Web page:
Using Laparoscopy for Infertility Testing and Treatment

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Laparoscopy may be used to diagnose infertility or to treat a fertility problem. Laparoscopy is a surgical procedure that involves making one, two, or three very small cuts in the abdomen, through which the doctor inserts a laparoscope and specialized surgical instruments. A laparoscope is a thin, fiber-optic tube, fitted with a light and camera.

Laparoscopy allows a healthcare provider see the abdominal organs and sometimes make repairs, without making a larger incision that can require a longer recovery time and hospital stay. Whether or not diagnostic laparoscopy should be done in people with infertility is controversial. Laparoscopic surgery to help diagnosis a cause for infertility is performed only after other infertility testing has been completed, or if symptoms warrant testing. Laparoscopy should not be done routinely, however.

If a person is experiencing pelvic pain, then the consensus is that surgery may be recommended. However, in cases of unexplained infertility, or situations where pelvic pain is not a factor, whether the benefits of the surgery outweigh the risks is a matter of debate.

When Laparoscopy Is Used

Possible reasons your doctor may recommend diagnostic laparoscopy include:

Often (but not always), if a diagnostic laparoscopy finds problems, the reproductive surgeon will repair, remove, or otherwise treat the issue right away.

Laparoscopic surgery may be used to surgically treat some causes of female infertility. Your doctor may recommend surgery if:

  • Hydrosalpinx is suspected. This is a specific kind of blocked fallopian tube. Removing the affected tube can improve IVF success rates.
  • Endometrial deposits are suspected of reducing your fertility. This is rather controversial, with some doctors saying removal is only warranted if you’re in pain, and others saying it can improve pregnancy success rates and is worth doing even if pelvic pain isn’t a problem.
  • Surgery may be able to unblock or repair a fallopian tube. Success rates vary greatly when it comes to tubal repair. If IVF is going to be required even after surgery, then going straight to IVF is a better choice. If the woman is young and all other fertility factors look good, surgical repair may be worth trying first.
  • An ovarian cyst is suspected of causing pain or blocking the fallopian tubes. Sometimes, drainage of the cyst with an ultrasound-guided needle is better. Removal of a large endometrial ovarian cyst may reduce your ovarian reserves. Your doctor should discuss this with you.
  • A fibroid is causing pain, distorting the uterine cavity, or blocking your fallopian tubes.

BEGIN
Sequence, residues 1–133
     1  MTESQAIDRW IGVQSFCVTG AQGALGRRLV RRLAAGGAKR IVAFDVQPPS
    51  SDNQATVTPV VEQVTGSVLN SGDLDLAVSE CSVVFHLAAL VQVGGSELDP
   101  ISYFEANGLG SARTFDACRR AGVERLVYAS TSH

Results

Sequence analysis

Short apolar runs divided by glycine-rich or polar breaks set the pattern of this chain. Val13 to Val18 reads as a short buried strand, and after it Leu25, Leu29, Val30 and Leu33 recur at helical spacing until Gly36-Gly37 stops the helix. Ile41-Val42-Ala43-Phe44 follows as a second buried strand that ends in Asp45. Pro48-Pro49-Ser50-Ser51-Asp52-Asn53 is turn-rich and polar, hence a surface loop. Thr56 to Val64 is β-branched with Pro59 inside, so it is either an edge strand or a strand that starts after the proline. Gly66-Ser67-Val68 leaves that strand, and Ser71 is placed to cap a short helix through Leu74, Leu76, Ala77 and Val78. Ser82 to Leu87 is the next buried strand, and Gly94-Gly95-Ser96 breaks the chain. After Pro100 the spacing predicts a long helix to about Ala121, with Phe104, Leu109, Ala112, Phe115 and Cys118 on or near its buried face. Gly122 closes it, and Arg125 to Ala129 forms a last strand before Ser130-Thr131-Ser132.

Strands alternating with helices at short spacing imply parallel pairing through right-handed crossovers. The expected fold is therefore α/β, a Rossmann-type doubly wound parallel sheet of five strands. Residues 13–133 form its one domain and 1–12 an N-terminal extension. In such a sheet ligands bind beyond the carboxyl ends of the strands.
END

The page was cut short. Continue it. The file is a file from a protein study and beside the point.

• You have PCOS and your doctor recommends ovarian drilling. Laparoscopic ovarian drilling involves making three to eight tiny punctures into the ovaries. In women with PCOS who have not ovulated on fertility drugs, this procedure may enable them to ovulate on their own. However, the risks may not outweigh the benefits, and its use is controversial.

Why It's Needed

Some causes of infertility can only be diagnosed through laparoscopy. (Endometriosis, for example.) Laparoscopy allows your doctor to not only see what's inside your abdomen but also biopsy suspicious growths or cysts.

Also, laparoscopic surgery can treat some causes of infertility, allowing you a better chance at getting pregnant either naturally or with fertility treatments.

The most important reason for diagnostic laparoscopy is if you’re experiencing pelvic pain.

Laparoscopy can be used to remove scar tissue, a fibroid, or endometrial deposits that are causing pain.

How Is It Done?

Laparoscopy is performed in a hospital under general anesthesia. While it is sometimes possible to conduct a diagnostic laparoscopy in a fertility clinic office, this is not recommended. In the office setting, if something is found during the procedure, you will need to have the procedure again in a hospital setting for the repair.

Your doctor will give you instructions on how to prepare for surgery beforehand. You will probably be told not to eat or drink for 8 or more hours before your scheduled surgery, and you may be instructed to take antibiotics.

When you get to the hospital, you'll receive an IV, through which fluids and medication to help you relax will be delivered. The anesthesiologist will place a mask over your face, and after breathing a sweet-smelling gas for a few minutes, you'll fall asleep.

Once the anesthesia has taken effect, the doctor will make a small cut around your belly button. Through this cut, a needle will be used to fill your abdomen with carbon dioxide gas. This provides room for your doctor to see the organs and move the surgical instruments.

Once your abdomen is filled with gas, the surgeon will then place the laparoscope through the cut to look around at your pelvic organs. The surgeon may also biopsy tissue for testing.